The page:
Feast of the Holy Family – Homily from Father Jeff Fleming

I share with you today another homily from Father Jeff Fleming, pastor of Christ the King Parish in Missoula.  Again, this homily feeds our spiritual hunger and invites us to recognize that we are all family!  I invite you to go to the CTK website and save the homilies page to your favorites so you can visit it weekly to read Jeff’s ongoing homilies. – Rosemary

• Feast of the Holy Family • Christ the King  • December 29-­‐30, 2012 

I wonder if when we hear ‘holy family,’ we might have a mistaken notion that everything was perfect and easy in this family we call Holy. We might think that they are nothing like our families. So let’s remember some of what this family faced.

Think of the scandalous circumstances of Mary’s pregnancy, the disturbing pregnancy of her cousin Elizabeth. Think of having to travel to another town, right when the baby is due. Not finding room in Bethlehem; the arrival of smelly shepherds and magicians from the East…. Things certainly don’t feel perfect.

Imagine the fright and terror of having to flee from a mad king that is intent on killing your young son – and who is willing to kill all the first-­born male children in the area, just to get him.

Imagine the joy and fun of traveling to the big city of Jerusalem when Jesus was 12 years old. This is his first trip to the Temple. Imagine sharing the sights and sounds, the activity and the energy of the big city. And then while traveling back home, you discover that your son, Jesus is missing. For three days you search, all the while your heart is being ripped apart. Finally when you find him in the Temple you hear Jesus’ strange response: “didn’t you know that I had to be in my father’s house?”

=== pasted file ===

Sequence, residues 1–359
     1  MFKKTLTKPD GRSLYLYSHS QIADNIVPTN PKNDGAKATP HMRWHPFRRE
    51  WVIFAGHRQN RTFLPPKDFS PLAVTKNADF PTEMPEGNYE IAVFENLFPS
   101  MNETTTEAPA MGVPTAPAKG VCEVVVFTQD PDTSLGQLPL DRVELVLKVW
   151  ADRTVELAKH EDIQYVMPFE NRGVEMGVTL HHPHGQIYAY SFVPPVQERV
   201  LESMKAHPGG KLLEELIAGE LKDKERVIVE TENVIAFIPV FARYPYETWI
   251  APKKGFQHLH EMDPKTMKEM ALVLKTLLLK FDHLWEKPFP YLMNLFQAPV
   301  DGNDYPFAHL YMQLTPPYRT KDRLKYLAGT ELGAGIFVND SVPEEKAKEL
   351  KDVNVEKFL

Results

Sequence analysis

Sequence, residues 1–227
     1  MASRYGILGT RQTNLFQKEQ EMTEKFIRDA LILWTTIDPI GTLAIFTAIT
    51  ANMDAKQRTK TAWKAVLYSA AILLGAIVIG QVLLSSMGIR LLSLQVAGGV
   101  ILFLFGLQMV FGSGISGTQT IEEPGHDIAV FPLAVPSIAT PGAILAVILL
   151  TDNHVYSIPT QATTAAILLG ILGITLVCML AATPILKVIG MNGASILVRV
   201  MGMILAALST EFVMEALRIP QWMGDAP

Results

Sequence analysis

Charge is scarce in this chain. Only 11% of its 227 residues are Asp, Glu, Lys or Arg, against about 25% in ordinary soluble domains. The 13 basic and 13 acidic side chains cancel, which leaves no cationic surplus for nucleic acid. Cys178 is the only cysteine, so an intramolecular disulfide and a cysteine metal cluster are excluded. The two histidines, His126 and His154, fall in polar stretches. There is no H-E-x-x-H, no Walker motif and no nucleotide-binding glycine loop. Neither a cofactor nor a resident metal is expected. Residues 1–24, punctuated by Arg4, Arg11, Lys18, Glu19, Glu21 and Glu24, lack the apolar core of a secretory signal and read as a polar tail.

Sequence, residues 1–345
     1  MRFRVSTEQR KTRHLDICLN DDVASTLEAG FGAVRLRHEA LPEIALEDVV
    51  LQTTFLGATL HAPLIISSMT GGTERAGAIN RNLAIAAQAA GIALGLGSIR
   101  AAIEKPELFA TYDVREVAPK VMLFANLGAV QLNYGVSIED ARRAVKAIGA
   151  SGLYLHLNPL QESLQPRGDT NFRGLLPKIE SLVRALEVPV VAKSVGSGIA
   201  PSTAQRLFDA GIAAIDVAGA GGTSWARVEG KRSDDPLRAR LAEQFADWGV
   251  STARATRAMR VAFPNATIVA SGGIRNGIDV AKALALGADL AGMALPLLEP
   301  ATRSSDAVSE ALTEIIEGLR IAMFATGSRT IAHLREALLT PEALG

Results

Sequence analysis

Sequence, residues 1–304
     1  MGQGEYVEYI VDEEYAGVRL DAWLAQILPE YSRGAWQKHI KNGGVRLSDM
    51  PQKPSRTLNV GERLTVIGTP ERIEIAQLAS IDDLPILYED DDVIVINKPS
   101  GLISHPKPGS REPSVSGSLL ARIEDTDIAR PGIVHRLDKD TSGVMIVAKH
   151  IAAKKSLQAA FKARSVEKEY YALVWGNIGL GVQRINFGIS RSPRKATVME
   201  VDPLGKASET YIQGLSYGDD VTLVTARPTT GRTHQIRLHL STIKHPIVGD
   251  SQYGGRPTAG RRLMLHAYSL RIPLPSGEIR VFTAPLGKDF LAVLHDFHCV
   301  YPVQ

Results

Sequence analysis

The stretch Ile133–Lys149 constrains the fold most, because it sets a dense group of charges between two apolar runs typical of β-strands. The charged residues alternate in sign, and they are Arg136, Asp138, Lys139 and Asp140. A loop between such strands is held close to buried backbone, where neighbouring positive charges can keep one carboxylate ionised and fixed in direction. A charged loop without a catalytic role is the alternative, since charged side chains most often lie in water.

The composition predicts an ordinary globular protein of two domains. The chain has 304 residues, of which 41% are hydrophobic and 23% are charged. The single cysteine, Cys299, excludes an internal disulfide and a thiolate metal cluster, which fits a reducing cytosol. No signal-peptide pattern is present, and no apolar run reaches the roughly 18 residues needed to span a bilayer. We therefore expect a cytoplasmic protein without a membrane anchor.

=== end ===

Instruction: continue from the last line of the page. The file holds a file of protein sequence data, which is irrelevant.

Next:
Think also of the times that aren’t recorded in scripture:

  • Imagine the joy Mary and Joseph shared when Jesus took his first steps, spoke his first words;
  • Imagine all the times they gathered around a table sharing meals, conversations and playing games;
  • Imagine Joseph and Jesus fishing together, working in the shop.

Now image when, as an adult, Jesus puts down his carpenter tools and wanders the countryside as an itinerant preacher? Large crowds follow him at first, but then things change. Your son is arrested, condemned as a criminal and then brutally put to death on the cross, as you kneel at the foot of that cross. And then three days later — the mystery of the resurrection.

This certainly doesn’t sound easy or perfect. It isn’t how we would write the story; but here’s the thing: God came to us telling God’s story and it is full of surprises and wonder.

I invite you now to think of another holy family, your family— yes even the crazy in-laws and out-­laws and uncles. Remember your joys and struggles, the successes and disappointments, the ups and downs, the bumps and bruises. Families are strong and fragile. Remember the love.

I invite you also to think of holy family of the church. We have our own struggles, our ups and downs, our disappointments and our joys, our own crazies. We certainly are not perfect, but again there is love.

In this season, we celebrate our God, who took on flesh in Jesus. We celebrate family. But maybe we miss seeing our holy family because we are so busy with whatever seems important at the time. Maybe this is the same reason that the people in the first century also missed it. We can get so busy, with ‘important things’ like work, prayer, and life, that we do not notice our holy family.

But family is where God moves through the world: disguised as our children asking us to play, in the street worn man on the corner whose eyes we try to avoid, in the woman who made our coffee this morning, in our crazy families.

We are all brothers and sisters. We are family, holy, surprising, fragile, imperfect, a bit scandalous and crazy and even maybe a little smelly. But we are family and inside this holy family, we do not judge who’s in and who’s out. Love understands, love forgives, and love holds us in union in ways that take into account weakness, hurt, complexity, absence and even sin. God keeps us together in family and walks with us.

This is the holy family that we celebrate; this is who we are!

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